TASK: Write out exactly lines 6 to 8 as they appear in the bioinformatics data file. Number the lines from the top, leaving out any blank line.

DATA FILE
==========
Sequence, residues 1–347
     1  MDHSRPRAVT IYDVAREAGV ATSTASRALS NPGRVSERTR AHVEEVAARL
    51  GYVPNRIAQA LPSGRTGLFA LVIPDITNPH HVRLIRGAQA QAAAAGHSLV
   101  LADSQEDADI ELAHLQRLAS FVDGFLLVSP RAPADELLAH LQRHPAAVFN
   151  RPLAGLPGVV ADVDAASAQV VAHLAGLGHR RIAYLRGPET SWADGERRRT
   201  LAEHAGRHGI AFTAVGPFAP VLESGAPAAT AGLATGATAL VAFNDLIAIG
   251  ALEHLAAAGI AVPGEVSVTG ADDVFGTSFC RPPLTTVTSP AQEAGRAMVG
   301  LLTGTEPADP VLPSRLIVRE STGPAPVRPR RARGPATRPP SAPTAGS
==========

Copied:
   201  LAEHAGRHGI AFTAVGPFAP VLESGAPAAT AGLATGATAL VAFNDLIAIG
   251  ALEHLAAAGI AVPGEVSVTG ADDVFGTSFC RPPLTTVTSP AQEAGRAMVG
   301  LLTGTEPADP VLPSRLIVRE STGPAPVRPR RARGPATRPP SAPTAGS